How to Write research methodology
Research methodology has to do with detailed techniques and processes involved in identification, selection, processing and analysis of data and information on a particular topic. The section for research methodology in a paper is very important because it is the one that will serve to show the reader convincingly how valid and dependable the research study is. This therefore makes it critically imperative for the researcher while writing his/her paper to craft carefully this section in such a way that the study carried out with much effort and resources is well represented in reporting. Since researches form a core part of academic pursuits either for first degree or higher degrees, knowing what this section of your write-up should contain and how to approach it is important. It should include the research type that you carried out, your method of gathering data, your method of analysis, tools you used, and your reason for choosing the methods you chose. Below are important things you should put in place when writing the research methodology for your research work.
Restate the Problem
The research methodology section of your paper comes after the literature review. It is important at this point to restate and reemphasise the problem your research is focused on. What problem are you trying to look into and solve? What lacuna are you hoping to fill with your research work? This will serve as a good foundation for your reader to easily flow with the rest of your write-up in this section. Be careful to also state assumptions that you are making and factors that you are not taking into consideration. You could also list the variables that you will be testing in your study.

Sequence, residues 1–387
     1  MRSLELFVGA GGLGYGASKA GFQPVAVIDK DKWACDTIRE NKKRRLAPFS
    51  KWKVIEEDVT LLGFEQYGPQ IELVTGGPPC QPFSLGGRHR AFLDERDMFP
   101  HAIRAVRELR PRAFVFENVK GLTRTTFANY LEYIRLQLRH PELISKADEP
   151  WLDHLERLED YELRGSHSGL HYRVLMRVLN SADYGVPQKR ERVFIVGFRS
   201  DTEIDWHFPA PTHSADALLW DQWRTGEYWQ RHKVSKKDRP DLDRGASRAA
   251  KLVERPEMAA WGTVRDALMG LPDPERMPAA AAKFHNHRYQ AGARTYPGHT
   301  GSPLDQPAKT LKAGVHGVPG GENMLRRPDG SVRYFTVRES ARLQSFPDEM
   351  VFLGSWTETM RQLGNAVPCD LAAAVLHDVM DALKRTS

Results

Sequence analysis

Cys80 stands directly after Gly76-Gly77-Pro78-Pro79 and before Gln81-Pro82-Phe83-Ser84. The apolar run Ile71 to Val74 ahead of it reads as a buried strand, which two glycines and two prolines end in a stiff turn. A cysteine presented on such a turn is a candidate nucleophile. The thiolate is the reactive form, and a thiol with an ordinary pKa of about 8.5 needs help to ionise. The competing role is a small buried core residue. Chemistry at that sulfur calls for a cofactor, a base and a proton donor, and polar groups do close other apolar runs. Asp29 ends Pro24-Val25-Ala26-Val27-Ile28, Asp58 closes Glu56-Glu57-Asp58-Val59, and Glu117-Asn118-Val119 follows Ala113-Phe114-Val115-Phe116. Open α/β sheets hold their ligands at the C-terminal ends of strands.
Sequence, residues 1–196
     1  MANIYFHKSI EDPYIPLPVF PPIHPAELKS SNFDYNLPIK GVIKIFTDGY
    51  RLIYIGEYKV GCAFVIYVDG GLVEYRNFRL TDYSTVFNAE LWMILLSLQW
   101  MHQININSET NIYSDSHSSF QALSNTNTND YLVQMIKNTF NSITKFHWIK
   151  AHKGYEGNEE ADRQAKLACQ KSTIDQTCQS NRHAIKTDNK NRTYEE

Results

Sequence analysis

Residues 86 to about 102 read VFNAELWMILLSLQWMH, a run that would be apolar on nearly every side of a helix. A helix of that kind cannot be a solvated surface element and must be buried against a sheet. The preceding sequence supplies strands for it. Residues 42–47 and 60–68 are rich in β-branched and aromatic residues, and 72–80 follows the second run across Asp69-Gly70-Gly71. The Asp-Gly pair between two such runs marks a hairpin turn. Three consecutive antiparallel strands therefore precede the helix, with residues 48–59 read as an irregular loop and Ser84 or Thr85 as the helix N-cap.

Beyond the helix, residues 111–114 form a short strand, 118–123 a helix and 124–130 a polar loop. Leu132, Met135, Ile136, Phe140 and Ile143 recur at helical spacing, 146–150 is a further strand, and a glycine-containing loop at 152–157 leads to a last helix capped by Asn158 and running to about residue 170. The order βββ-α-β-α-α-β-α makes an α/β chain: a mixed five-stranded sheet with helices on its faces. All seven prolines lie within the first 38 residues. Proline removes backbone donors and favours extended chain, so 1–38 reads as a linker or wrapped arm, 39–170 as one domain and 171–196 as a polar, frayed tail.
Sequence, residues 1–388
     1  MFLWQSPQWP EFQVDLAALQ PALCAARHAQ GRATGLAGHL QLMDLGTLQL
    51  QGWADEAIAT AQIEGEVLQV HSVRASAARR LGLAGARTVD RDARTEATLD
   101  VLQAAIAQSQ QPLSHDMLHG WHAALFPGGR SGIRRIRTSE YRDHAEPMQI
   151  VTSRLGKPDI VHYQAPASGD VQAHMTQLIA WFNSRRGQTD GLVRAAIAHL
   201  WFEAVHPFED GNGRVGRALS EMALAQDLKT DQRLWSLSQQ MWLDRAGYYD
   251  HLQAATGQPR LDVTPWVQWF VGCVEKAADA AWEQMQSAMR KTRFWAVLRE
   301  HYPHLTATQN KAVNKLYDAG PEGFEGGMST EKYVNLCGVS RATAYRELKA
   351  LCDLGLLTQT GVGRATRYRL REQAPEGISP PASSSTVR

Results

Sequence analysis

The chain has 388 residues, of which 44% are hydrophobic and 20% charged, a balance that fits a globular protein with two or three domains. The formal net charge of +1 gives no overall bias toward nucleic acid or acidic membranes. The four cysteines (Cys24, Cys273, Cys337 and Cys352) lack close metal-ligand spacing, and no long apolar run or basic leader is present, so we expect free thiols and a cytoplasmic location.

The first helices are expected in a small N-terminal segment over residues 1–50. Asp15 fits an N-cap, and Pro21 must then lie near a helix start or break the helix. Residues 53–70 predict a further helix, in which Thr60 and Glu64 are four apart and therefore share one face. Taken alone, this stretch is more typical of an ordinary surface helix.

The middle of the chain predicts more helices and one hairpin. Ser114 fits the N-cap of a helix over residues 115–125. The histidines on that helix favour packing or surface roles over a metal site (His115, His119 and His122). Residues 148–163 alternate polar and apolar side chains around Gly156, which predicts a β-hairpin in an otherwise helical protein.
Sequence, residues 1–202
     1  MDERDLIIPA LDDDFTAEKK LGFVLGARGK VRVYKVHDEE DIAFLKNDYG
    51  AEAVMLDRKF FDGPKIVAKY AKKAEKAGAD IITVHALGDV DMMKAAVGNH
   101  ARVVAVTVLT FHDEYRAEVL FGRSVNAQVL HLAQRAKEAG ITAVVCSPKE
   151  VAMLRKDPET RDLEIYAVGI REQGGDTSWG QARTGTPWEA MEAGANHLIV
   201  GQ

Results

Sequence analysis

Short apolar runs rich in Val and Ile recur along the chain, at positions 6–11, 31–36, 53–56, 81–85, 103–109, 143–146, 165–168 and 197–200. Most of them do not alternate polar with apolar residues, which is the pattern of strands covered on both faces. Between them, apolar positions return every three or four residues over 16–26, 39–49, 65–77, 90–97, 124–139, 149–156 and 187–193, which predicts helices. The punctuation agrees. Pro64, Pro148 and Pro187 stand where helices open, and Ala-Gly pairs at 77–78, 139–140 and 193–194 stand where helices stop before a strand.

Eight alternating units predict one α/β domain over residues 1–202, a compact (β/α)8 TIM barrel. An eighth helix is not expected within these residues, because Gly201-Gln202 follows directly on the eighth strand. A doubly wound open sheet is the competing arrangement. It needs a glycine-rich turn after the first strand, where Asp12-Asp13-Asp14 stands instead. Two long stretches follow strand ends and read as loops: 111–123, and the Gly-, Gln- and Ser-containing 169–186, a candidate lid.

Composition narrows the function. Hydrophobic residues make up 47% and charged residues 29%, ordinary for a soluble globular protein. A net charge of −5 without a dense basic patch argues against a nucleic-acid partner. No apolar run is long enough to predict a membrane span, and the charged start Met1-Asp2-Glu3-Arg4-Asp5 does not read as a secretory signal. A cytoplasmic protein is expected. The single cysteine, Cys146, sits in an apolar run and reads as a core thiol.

Choose Your Major methodological Approach
Decide and state which methodological approach you are using, either qualitative or quantitative. If you are dealing with data in terms of numbers and working on a measurable trend, then quantitative methodology might be appropriate, but if you are dealing with how a certain trend impacts on people's lives, dealing with opinions, understanding and observations from people, then you might want to go with qualitative methodology. Or you could also do a mixture of the two methodologies, by studying a measurable trend and then using a theoretical perspective or philosophy to study its impact on people's lives.
State How You Collected or Produced Your Data
Include information as to where, when and how you collected your data, and how long it took your respondents to respond to you. This will serve to help your reader better understand the context of your research. It is important that you include as many relevant details as possible in the section for your methodology so as to specify conditions under which you collected your data.
State Your Criteria for Data Collection
Let the eligibility parameters that you set for your collection of data be well spelt out, list out the parameters and explain why you decided to use them to determine eligibility. Explain the importance of these parameters that you set in relation to your work and how they are necessary to ensure that you get the best result. Also, specify your sample size.
Explain Uncommon Methods
If you happen to be using a method that is not quite common, especially when it has to do with qualitative research, ensure you explain the method clearly to enable a good understanding of the reader and to serve as proper foundation for your study. Quantitative methodologies on the other hand may not really involve uncommon methods like the qualitative methodology.
Defend/Justify Your Method